The Department of Energy (DOE) frequently releases new rules focused on reducing energy consumption and pollution in the United States. With the most recent 2023 HVAC regulatory changes now in effect, you could wonder how the new rules impact new air conditioners, energy efficiency and whether they’ll mean you need to replace your current AC system. Here are the answers to the most frequently asked questions on the changes.
Why Did the DOE Make HVAC Regulatory Changes?
The new regulations, which took effect on January1, 2023, impact new air conditioning systems and heat pumps. These changes aim to standardize and optimize energy efficiency, produce more environmentally friendly options and set new standards for refrigerants and testing methods.
How Is Heating and Cooling Efficiency Measured?
All air conditioners and heat pumps have a seasonal energy efficiency ratio (SEER) signifying the level of cooling output in British thermal units or BTUs over a normal cooling season divided by the power consumed. The higher the SEER rating, the more energy efficient the unit is, as it can remove the same level of heat using a lesser amount of energy. This rating method has been an industry standard since the 1970s, enabling consumers to easily analyze different AC units and choose ones that meet their energy efficiency needs.
Some ACs also earn an energy efficiency ratio (EER) calculated by dividing the cooling output (BTUs per hour) by the electrical power input (in watts) at a single point in time. Unlike SEER, EER does not factor in seasonal changes and instead measures the unit’s efficiency during peak use. EER is used for determining an AC unit's performance during the hottest days of the year.
Heat pump heating efficiency is tested using the heating seasonal performance factor (HSPF). This ratio calculates the total heating required during the heating season (in BTUs) divided by the total watt-hours of power consumed. Like SEER and EER, a higher HSPF rating signifies greater energy efficiency. HSPF has been a standard heating efficiency metric since the late 1980s.
How Are SEER2, EER2 and HSPF2 Different?
SEER2, EER2 and HSPF2 are the latest ways to assess air conditioner and heat pump efficiency. These cutting-edge standards give homeowners a more accurate understanding of their energy use when they buy a particular AC unit or heat pump.
SEER2-compliant units also use updated refrigerants with less global warming potential (GWP) and ozone depletion potential (ODP) compared to previous refrigerants. Outdated R-22 (Freon) and R-410A (Puron) will be recovered and sold for restoring older units, but they won’t be allowed in new Air conditioning systems.
What Are the New 2023 Federal Regulations for Energy Efficiency?
The changes in HVAC system testing criteria mean SEER2, EER2 and HSPF2 are more exact. They involve testing equipment under more accurate field conditions, accounting for ductwork and static pressure, which SEER, EER and HSPF ratings don’t consider.
The new AC and heat pump energy efficiency rules for 2023:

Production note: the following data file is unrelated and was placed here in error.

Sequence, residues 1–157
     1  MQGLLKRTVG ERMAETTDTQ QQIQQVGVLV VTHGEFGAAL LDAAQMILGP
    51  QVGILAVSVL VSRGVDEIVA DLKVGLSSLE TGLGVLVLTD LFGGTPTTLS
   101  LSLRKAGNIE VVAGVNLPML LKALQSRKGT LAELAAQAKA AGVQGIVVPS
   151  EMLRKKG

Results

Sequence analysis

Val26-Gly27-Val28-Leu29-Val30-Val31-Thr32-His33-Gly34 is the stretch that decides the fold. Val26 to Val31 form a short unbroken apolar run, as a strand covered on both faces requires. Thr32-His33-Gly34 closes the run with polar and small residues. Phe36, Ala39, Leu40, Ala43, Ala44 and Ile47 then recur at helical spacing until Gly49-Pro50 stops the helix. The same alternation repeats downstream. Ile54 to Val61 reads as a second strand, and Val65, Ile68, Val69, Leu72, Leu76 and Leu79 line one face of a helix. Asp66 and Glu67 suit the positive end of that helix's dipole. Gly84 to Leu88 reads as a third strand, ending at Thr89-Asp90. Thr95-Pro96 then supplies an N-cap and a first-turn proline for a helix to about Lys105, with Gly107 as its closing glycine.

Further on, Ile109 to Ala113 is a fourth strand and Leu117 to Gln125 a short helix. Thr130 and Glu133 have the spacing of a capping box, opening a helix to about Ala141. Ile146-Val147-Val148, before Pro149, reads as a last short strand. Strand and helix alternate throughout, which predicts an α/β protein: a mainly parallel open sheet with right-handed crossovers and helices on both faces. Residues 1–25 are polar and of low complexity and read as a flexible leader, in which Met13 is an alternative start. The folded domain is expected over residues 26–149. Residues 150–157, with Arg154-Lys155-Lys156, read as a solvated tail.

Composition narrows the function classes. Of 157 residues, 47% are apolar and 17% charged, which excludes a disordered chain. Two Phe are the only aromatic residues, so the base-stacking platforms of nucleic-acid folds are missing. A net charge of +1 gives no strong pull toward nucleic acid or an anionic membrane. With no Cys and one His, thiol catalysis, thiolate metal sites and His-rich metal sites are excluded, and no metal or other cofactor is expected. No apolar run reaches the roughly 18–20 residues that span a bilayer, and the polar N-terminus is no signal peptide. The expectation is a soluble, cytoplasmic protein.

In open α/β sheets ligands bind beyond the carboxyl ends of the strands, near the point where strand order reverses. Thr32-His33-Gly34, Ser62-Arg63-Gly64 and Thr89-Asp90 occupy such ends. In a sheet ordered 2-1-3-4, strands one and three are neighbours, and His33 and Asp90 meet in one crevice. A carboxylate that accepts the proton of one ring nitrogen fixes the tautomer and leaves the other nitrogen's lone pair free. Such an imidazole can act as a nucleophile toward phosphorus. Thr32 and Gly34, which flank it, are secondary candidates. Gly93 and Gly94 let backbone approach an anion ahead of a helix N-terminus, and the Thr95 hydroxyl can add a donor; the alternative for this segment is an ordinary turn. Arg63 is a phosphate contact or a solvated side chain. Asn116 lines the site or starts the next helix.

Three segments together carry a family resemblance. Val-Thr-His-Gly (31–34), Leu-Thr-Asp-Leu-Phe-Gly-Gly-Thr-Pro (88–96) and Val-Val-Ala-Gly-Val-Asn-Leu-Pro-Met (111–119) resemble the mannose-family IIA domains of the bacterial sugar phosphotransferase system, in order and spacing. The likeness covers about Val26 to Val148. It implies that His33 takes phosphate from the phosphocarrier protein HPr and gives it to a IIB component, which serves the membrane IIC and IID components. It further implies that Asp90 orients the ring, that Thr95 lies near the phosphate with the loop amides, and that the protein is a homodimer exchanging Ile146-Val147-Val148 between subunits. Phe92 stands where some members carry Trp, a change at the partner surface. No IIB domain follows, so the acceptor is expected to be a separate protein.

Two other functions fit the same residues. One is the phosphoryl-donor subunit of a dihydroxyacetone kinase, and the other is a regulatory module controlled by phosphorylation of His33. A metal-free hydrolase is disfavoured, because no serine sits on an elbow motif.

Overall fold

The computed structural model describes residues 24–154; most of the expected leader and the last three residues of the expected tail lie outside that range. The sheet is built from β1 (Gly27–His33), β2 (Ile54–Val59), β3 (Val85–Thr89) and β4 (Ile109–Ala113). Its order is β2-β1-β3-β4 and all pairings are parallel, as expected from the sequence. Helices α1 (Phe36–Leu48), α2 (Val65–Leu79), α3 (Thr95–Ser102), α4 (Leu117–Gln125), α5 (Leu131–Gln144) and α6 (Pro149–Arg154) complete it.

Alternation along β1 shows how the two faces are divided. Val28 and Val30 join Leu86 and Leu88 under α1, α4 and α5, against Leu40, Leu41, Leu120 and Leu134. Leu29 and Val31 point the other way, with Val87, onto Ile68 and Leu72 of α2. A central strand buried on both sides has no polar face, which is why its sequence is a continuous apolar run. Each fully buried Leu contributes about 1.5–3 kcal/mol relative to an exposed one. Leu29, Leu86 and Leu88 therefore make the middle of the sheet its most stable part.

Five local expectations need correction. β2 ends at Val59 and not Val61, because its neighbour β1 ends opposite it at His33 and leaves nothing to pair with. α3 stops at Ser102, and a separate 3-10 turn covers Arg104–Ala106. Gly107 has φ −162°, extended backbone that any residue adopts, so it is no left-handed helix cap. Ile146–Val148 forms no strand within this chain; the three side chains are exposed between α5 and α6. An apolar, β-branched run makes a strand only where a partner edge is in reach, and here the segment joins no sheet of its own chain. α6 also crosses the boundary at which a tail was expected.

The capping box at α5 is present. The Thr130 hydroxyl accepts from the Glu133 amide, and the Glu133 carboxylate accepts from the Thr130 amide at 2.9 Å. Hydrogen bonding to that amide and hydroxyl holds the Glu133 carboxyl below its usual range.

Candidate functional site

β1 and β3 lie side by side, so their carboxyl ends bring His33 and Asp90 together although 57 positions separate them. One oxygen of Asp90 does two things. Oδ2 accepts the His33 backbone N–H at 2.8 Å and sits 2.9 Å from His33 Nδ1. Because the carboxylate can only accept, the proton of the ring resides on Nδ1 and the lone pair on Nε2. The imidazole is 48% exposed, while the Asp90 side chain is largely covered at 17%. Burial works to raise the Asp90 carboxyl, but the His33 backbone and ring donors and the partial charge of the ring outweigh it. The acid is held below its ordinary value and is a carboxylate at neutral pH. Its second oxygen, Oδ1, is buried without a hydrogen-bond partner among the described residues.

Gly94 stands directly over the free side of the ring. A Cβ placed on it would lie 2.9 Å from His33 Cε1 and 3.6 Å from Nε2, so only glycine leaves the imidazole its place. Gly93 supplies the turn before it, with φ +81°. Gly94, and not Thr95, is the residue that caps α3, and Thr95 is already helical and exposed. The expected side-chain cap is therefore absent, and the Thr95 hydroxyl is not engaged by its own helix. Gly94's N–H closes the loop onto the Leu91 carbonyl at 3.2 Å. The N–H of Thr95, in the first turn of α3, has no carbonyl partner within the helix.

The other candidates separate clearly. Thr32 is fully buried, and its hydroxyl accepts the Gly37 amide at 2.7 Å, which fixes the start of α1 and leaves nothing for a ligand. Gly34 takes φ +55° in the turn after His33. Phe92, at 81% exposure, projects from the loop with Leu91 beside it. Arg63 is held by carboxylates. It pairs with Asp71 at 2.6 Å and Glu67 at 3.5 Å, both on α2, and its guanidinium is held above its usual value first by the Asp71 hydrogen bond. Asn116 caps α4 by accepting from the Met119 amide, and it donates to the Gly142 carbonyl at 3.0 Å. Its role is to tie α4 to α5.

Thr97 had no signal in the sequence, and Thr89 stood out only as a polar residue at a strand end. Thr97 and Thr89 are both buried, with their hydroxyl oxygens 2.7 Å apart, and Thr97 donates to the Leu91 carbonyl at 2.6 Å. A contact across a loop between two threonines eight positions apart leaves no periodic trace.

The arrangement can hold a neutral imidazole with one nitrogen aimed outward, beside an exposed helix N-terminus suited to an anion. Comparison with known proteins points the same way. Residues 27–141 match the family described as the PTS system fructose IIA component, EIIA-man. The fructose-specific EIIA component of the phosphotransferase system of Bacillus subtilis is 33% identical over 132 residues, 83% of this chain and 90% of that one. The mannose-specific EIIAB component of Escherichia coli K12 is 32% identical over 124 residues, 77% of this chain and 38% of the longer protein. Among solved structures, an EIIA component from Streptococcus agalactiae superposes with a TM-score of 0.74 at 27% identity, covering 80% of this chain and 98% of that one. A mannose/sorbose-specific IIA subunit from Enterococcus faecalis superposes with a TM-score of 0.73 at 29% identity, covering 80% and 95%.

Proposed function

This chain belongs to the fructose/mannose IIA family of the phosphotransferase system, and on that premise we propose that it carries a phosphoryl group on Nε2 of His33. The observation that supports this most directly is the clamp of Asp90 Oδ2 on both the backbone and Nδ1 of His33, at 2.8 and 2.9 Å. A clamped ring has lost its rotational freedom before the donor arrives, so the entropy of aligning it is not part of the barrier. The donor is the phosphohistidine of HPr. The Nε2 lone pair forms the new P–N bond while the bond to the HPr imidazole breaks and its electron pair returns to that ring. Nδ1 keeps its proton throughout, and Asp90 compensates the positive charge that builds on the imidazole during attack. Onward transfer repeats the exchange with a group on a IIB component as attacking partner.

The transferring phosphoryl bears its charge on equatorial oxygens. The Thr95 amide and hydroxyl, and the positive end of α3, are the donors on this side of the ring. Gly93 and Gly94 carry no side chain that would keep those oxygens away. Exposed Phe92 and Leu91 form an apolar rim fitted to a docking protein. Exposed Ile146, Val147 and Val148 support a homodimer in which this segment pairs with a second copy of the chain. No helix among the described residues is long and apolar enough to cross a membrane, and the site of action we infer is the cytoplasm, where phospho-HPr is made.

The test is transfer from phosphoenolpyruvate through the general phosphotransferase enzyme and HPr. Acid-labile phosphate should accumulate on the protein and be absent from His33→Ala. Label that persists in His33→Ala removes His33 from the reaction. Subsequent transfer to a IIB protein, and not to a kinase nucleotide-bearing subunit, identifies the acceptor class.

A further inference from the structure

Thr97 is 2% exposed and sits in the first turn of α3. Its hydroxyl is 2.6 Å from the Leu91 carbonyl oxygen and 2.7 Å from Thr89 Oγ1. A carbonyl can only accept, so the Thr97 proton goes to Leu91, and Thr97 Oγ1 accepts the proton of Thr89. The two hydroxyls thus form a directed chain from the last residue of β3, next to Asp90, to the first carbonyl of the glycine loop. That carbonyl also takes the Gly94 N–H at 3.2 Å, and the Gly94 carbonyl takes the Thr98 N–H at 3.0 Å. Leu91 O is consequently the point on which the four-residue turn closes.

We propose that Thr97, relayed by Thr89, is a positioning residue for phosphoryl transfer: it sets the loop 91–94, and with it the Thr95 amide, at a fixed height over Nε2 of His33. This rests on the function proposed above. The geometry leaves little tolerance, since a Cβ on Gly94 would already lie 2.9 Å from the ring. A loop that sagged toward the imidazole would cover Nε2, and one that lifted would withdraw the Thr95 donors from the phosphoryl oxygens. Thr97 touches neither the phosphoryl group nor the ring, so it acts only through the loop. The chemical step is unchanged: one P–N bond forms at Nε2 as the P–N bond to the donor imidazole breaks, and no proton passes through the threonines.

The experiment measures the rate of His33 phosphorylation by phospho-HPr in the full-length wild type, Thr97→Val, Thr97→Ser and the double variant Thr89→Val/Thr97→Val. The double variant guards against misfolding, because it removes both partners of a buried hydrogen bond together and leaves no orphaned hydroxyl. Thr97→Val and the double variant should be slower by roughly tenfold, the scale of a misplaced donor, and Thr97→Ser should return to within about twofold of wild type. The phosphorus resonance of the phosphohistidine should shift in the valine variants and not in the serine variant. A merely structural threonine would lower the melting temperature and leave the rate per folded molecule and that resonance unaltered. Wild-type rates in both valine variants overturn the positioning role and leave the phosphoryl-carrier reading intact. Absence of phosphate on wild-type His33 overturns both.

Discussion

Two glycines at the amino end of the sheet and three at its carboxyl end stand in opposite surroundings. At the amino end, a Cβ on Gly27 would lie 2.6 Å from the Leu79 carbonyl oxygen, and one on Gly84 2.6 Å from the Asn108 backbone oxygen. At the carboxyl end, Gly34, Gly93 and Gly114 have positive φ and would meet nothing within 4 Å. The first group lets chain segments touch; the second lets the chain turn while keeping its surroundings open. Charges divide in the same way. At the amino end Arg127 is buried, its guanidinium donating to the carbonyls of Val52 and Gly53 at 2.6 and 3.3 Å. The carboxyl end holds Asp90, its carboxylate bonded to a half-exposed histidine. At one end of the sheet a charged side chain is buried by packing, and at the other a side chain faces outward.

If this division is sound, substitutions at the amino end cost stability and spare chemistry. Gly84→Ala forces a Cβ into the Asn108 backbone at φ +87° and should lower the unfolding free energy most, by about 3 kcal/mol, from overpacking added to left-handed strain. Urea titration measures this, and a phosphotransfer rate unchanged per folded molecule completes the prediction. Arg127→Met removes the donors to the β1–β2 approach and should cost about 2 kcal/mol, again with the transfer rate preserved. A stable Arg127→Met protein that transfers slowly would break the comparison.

- Air conditioners installed in the North: 13.4 SEER2 (14 SEER)
- Air conditioners installed in the South: 14.3 SEER2 (15 SEER)
- Air conditioners installed in the Southwest: 14.3 SEER2 (15 SEER) & 11.7 EER2 (12.2 EER)
- Heat pumps installed nationwide: 14.3 SEER2 (15 SEER) & 7.5 HSPF2 (8.8 HSPF)
How Do I Find My Current HVAC Efficiency Rating?
The first place to check out is the yellow EnergyGuide label stuck to the side of your AC or heat pump. You can also check for your system's make and model on the DOE’s Energy Compliance Certification Database.
Systems installed prior to 2023 will list a SEER rating. Those manufactured in 2022 or earlier but installed after January 1, 2023, will also have a SEER rating. All units produced and installed in 2023 or later will come with a SEER2 rating.
Notice that air conditioners built before 2023 can only be installed in the Northern U.S. In the South, SEER2-compliant systems are required from January 1 forward. If a heating and cooling professional breaches these regulations and the DOE punishes them, they must replace the non-compliant AC unit free of charge to the homeowner.
Do I Need to Replace My Existing HVAC System?
No, the switch to SEER2, EER2 and HSPF2 only impacts newly constructed and installed HVAC units. There’s no legal necessity to replace your existing AC unit. But, if you’re looking to upgrade, meeting the 2023 HVAC regulatory changes will save you money on electricity bills and grant access to more advanced features, including smart thermostats and zoning.
Partner with Stevenson Service Experts For HVAC Service in Columbus
Whether you determine now is the time to replace your existing AC system, or you want to keep your current air conditioning in top shape and going strong, Stevenson Service Experts can help. We’re on top of the 2023 HVAC regulatory changes and testing requirements, so we can help you pick out and install a compliant air conditioner or heat pump. We also perform reliable air conditioning maintenance and repairs if you’re not prepared to replace your system.
When you choose Stevenson Service Experts, you’re partnering with a service provider that understands your needs. We are committed to your comfort, environmental sustainability and complete satisfaction.
Ready to switch to a SEER2-compliant AC? Still have questions? Call Stevenson Service Experts at 614-334-3192 today, and we’ll help you every step of the way!